Not Building the Not Needed

Not Built-The Asked for But Not Needed

For the ethical and experienced project manager, analyst or developer this is a troubling area.  Most project manager job descriptions include the phrase business acumen.  The returns over 6500 hits for Business Acumen, the first one is in skill development.

The complement of leadership, business acumen and technical project management skills essential to employers of project talent. The knowledge and abilities necessary to manage scope, time, budget, stakeholders, teams, communications, risk and other project components.

Dealing with this kind of issue takes some business acumen to successfully resove.  After all, what is project manager to do when time and budget are in a crunch and you have a list of “Asked Fors” , something that you know are not really needs?  For me the answer is to review the project priorities with the project sponsor.  Where do these items fit in relative to everything on the project plan that isn’t done yet and are positively needs.  Can these requests be moved out of the MVP first delivery (and maybe out of the second then out of the third)?  Of course, there is always the possibility that the what the project manager thinks is a just a want, may with more knowledge turn out to be something that really is a need. The important thing is that the discussion take place between the business and the delivery team.

Not Built-The Requested Needful

I don’t think there has ever been a project where there were not things that were both asked for and needed but still not delivered. This is often the area of intelligent tradeoffs and where most where the next project often gets born. Often features don’t get built because the team runs out of time and money. Sometimes the technology doesn’t exist and despite the need and the desire some portion of the needed scope just doesn’t happen. That does not mean it won’t happen in the future, just not part of this project. The challenge of course is knowing what is really needed AND what can realistically be built within time and budget constraints. Allocating resources to things that are needed, but just cannot be delivered is not a good practice and can turn a good project in to a bad one. The key here is really stakeholder management and care presentation of facts, not alt-facts, real ones. It can be really hard explaining to a key stakeholder that some badly needed feature will likely break the budget and blow the schedule, but it is often the right path. I recently did an ROI presentation on a wanted and needed feature that instantly convinced the project sponsor to drop significant scope from the project which also allowed us eliminate a major schedule risk. A small loss of scope is much better than a great loss in schedule and budget. Often the lessons learned can be applied to the “next project”.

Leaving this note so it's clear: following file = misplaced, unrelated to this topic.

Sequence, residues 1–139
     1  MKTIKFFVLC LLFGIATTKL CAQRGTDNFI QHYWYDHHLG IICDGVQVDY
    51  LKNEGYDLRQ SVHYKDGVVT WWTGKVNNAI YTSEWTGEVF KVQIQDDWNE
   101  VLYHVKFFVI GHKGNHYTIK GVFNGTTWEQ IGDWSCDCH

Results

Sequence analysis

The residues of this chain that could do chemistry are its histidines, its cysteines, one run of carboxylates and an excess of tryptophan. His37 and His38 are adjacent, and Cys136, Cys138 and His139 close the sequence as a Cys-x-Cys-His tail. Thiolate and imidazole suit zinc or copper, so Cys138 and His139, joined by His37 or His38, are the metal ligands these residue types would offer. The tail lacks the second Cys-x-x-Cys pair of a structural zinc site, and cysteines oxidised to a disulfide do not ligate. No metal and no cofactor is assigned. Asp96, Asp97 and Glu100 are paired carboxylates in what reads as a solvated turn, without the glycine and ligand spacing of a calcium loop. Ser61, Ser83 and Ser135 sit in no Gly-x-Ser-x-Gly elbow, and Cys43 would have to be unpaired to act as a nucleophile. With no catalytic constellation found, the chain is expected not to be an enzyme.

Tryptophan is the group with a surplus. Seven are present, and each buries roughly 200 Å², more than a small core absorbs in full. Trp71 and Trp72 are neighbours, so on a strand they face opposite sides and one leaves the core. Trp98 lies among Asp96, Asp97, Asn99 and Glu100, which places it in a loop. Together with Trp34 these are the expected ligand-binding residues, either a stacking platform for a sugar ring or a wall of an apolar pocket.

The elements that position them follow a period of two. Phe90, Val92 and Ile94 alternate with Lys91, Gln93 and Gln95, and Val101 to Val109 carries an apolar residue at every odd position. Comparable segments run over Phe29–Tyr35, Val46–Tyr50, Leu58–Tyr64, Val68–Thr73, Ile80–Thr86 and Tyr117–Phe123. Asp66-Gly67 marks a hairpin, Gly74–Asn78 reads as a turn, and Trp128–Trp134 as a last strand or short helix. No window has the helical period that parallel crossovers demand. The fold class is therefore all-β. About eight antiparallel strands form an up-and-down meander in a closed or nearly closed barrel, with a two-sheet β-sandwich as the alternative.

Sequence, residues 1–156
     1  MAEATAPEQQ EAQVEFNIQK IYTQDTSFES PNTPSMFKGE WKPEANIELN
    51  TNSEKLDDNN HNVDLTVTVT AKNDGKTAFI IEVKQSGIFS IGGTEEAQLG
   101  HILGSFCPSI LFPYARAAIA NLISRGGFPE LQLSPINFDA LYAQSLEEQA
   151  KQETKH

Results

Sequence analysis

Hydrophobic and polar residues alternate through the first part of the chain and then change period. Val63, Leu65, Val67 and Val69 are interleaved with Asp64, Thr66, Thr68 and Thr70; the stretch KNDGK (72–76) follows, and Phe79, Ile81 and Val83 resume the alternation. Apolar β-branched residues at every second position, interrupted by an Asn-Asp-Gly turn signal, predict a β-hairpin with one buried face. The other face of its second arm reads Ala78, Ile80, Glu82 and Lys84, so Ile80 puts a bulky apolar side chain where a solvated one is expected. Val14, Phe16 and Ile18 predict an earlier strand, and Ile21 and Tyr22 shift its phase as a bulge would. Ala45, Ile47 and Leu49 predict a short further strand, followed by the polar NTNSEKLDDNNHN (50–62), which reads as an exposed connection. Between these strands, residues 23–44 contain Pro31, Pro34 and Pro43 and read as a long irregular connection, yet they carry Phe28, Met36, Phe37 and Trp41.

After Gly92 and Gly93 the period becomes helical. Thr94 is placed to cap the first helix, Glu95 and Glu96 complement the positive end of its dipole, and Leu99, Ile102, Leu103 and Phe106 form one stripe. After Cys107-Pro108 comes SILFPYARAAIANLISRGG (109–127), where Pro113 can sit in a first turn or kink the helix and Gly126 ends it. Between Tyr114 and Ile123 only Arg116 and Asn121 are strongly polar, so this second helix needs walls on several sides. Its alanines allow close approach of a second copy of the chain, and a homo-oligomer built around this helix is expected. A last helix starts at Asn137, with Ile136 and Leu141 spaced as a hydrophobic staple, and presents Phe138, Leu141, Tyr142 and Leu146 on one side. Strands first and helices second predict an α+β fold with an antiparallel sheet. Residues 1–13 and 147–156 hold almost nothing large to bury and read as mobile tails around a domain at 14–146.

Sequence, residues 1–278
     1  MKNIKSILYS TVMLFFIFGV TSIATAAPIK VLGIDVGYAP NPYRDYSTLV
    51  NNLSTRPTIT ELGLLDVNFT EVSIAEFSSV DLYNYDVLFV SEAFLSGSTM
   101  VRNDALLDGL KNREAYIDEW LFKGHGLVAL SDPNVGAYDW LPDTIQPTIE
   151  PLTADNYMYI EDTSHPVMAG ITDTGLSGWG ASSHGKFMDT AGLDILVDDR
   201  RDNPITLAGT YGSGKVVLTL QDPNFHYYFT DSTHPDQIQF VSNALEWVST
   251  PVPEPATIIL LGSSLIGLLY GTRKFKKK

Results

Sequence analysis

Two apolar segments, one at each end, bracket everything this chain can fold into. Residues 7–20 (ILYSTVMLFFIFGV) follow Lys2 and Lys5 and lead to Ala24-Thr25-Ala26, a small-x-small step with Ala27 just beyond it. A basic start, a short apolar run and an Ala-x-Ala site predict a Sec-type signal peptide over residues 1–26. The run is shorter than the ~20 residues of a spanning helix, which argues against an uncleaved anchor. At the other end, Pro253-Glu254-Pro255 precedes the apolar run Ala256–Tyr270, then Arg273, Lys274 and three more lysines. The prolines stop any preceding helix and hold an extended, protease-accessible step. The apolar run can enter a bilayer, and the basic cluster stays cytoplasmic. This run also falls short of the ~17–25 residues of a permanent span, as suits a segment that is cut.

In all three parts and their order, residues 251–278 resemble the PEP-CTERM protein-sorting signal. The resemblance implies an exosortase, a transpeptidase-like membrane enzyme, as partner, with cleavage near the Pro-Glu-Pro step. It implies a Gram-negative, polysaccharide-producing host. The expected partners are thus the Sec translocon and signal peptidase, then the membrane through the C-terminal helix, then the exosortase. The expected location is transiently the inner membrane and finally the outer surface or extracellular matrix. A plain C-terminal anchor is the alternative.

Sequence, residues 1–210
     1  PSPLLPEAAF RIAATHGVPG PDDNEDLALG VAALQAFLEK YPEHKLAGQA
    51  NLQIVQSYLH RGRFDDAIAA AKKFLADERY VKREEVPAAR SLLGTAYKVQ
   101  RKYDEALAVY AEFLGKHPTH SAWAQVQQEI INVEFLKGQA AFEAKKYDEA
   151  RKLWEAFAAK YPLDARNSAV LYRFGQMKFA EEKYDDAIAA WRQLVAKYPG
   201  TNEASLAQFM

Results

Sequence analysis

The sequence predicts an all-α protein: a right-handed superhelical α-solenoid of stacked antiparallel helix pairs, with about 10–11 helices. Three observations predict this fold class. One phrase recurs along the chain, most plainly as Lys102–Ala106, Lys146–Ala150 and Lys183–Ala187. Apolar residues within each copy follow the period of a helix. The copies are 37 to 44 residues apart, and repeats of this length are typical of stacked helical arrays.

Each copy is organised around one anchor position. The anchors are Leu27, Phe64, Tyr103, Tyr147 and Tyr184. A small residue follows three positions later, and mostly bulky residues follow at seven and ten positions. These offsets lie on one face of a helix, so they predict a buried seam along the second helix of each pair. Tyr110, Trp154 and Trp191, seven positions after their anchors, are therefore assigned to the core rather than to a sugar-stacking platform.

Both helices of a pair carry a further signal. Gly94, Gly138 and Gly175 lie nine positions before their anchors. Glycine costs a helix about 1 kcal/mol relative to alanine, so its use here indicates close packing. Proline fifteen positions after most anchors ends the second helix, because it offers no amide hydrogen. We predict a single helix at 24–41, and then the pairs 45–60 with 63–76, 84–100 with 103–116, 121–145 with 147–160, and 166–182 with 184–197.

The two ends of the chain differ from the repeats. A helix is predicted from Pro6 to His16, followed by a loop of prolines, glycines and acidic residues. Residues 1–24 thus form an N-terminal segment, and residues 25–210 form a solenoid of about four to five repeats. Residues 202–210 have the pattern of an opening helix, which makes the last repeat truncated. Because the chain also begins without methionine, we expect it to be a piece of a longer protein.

Building The Requested Wasteful

Building The Requested WastefulThe intersection of What Technology Built and What the Business Asked for that is not was the Business Really needs (Sometimes known as wasteful of the first kind) is a troubling area.  Many times we technologists and project managers build exactly what our client wants, but it turns out to be something they don’t need at all.  This can be functionality or features that the business perhaps spent days or even years, pining for. Now that they have it is clearly not needed.  Sometimes it is an executive’s pet project or a bright idea for a product.  Think of New Coke the Ford Edsel (  The accountability for minimizing this waste (it will never go away) lies with the Business Analyst, with the emphasis on Analyst.  Sometimes there are good strategic reasons for these flops and wasted resources because the organization learns important lessons.  Would the iPad have ever been invented if Apple had not built the Newton, and would it have been successfull without the lessons learned from the Newton?  Nobody knows the answer